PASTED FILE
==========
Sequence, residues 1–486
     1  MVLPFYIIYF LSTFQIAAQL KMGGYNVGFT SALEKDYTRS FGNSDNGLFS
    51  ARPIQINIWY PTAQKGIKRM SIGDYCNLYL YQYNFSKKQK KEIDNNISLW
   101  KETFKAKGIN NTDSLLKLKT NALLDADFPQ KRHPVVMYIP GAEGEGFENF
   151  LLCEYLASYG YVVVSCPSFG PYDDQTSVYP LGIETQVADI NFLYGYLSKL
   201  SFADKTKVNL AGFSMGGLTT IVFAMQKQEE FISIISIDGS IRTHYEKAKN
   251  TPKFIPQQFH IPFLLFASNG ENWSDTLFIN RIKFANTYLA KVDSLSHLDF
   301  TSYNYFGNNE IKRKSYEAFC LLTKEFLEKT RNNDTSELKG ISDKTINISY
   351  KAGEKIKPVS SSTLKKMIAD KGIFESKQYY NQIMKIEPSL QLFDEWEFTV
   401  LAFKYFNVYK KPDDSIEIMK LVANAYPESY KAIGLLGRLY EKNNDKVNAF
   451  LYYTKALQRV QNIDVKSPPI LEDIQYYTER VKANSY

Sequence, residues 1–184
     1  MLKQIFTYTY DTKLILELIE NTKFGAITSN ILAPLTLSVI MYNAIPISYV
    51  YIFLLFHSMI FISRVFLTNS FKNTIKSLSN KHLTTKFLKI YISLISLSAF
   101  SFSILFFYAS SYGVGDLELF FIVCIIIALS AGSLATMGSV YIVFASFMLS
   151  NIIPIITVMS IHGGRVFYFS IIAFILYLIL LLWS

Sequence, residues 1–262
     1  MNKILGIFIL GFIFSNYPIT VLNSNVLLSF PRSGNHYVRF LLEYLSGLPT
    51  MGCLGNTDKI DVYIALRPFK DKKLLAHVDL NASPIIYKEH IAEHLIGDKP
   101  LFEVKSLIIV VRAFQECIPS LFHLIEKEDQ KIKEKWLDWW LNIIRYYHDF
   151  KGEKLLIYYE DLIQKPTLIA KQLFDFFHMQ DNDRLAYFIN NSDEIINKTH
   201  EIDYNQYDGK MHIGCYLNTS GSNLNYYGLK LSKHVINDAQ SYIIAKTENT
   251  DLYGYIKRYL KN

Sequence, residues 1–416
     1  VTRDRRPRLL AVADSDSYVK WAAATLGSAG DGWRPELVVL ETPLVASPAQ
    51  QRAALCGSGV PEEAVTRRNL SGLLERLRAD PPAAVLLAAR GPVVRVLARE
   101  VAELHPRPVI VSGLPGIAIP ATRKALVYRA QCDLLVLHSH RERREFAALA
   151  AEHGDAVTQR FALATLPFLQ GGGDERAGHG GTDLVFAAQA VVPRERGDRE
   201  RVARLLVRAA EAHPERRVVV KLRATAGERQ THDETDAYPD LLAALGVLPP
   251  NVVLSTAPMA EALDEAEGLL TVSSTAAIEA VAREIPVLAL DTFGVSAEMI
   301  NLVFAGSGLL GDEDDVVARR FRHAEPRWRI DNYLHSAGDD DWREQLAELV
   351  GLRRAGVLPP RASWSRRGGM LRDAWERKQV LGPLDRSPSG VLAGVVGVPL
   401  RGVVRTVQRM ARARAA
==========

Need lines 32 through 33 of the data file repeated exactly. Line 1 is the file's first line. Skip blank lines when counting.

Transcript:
   351  GLRRAGVLPP RASWSRRGGM LRDAWERKQV LGPLDRSPSG VLAGVVGVPL
   401  RGVVRTVQRM ARARAA